Colloquium Speaker

Speaker:Professor Clark Thomborson
Computer Science Department
The University of Auckland
Auckland, New Zealand
Topic:The Economics of Large-Memory Computations
Date:Thursday, November 18, 1999
Time:9:30 AM
Place:Gould-Simpson, Room 701

Refreshments will be served in the 7th-floor lobby of Gould-Simpson at 9 :15 AM


We propose, and justify, an economic theory to guide memory system design, operation, and analysis. Our theory treats memory random-access latency, and its cost per installed megabyte, as fundamentals for latency-bottlenecked computations. For such computations, we define a natural concept of work (prebs, or petareference-bytes) and memory quality (prebs/dollar).

Of course, not all computations are latency-bottlenecked. We will argue, however, that CPU- and bandwidth-bottlenecks are indications of poorly configured hardware or poorly tuned software, for many computational problems of economic importance. In any case, our metric of latency-bottlenecked work is a useful adjunct to the more common metrics of CPU-seconds for CPU-bottlenecked computations, and of channel utilization for bandwidth-bottlenecked systems.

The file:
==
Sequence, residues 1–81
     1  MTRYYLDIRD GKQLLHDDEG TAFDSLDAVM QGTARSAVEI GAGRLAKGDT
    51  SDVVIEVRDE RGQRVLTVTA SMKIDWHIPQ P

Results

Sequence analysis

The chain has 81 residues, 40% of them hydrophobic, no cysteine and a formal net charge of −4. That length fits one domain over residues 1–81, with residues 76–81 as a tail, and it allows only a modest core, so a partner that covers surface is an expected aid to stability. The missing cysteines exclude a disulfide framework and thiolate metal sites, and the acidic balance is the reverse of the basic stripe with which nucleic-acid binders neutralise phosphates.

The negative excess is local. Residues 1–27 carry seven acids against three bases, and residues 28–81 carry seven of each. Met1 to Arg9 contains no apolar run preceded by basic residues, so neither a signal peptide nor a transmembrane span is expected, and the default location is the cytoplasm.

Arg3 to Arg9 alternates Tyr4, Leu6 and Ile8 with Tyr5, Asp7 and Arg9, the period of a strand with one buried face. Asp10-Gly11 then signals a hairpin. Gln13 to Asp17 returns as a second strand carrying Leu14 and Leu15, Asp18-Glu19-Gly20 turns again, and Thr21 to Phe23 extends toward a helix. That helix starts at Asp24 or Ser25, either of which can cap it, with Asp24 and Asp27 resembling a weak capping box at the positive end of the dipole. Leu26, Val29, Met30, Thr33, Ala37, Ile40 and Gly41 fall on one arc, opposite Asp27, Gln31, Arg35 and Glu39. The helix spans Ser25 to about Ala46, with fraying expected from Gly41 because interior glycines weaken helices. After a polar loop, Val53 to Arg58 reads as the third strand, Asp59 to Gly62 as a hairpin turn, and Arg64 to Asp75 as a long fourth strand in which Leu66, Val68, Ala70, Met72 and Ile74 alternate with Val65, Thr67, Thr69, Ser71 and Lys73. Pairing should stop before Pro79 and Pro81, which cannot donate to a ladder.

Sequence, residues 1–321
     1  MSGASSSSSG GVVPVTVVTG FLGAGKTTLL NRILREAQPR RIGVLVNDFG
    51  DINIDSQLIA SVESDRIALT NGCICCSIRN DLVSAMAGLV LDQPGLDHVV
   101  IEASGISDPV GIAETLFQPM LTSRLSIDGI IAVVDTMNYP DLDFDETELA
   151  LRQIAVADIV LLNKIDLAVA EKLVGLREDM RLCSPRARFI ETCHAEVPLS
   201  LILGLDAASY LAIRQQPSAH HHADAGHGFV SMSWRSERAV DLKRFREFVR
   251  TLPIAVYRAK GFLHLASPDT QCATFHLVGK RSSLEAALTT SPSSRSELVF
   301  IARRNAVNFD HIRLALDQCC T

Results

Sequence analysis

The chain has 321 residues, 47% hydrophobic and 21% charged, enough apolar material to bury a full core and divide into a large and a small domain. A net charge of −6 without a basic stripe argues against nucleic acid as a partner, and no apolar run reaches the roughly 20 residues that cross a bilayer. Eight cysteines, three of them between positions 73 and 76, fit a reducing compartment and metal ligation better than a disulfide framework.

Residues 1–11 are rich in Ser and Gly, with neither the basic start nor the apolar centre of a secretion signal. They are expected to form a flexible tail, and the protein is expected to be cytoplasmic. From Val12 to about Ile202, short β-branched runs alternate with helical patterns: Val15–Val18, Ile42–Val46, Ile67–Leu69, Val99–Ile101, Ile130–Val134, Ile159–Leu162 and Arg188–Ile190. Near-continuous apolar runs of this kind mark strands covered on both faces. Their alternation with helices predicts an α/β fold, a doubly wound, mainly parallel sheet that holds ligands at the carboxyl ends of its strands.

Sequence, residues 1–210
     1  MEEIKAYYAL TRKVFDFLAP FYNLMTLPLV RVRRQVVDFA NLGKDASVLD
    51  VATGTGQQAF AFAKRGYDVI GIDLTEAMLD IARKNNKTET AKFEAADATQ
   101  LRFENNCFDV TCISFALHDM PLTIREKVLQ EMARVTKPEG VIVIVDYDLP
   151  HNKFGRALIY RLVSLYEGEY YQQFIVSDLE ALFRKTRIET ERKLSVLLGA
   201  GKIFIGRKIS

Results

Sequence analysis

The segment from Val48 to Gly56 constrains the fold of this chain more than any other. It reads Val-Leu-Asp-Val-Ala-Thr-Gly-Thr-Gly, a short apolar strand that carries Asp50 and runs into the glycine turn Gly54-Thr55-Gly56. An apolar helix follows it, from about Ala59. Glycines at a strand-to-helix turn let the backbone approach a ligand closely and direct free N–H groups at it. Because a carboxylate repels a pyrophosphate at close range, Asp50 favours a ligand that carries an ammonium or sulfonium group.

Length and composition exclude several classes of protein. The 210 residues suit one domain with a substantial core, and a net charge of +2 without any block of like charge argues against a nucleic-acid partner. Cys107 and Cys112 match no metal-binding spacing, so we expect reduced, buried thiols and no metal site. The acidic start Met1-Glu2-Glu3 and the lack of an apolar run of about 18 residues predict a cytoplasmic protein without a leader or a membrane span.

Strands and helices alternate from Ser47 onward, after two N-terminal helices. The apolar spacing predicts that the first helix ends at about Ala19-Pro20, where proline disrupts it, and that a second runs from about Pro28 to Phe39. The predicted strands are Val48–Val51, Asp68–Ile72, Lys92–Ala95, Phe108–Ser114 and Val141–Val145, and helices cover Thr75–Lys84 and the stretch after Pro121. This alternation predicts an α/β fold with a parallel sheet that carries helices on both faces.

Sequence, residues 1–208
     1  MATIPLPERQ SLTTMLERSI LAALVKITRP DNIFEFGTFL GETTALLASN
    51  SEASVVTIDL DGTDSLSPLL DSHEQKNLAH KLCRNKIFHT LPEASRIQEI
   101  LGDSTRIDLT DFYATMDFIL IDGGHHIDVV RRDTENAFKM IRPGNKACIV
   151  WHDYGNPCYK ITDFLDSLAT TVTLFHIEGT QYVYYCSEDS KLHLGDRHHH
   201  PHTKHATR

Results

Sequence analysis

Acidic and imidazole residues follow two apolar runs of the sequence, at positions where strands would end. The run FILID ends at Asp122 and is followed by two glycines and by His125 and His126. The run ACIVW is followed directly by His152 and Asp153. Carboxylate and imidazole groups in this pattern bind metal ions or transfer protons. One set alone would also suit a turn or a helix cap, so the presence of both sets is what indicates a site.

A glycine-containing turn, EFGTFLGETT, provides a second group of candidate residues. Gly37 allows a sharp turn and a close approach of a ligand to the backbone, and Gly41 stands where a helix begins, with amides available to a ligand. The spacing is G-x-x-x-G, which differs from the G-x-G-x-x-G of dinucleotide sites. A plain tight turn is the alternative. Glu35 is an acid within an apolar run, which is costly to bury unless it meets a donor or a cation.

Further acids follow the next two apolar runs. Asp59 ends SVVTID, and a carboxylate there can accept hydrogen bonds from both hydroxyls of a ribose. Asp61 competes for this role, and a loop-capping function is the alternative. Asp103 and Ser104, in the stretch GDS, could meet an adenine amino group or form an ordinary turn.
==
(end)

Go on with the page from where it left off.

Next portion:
Our economic theory has immediate and near-term applications in diverse areas. It allows us to compare the cost/performance of various large-memory organizations such as PoPCs ("piles of PCs"), NOWs ("networks of workstations"), SMPs ("shared memory multiprocessors"), MPPs ("massively parallel processors"), and even Cray-class vector supercomputers. We use it to measure the efficiency of an operating system at supporting work by an application, without excessive overhead in memory transfers. We could provide guidance to performance programmers, by reporting computational progress and efficiency under our metric. Finally, we extend our economic theory into an analytic model of the CPU resources, degree of parallelism, capacity, latency and bandwidth in the various levels of any "well-formed" memory hierarchy, thereby providing guidance to computer architects.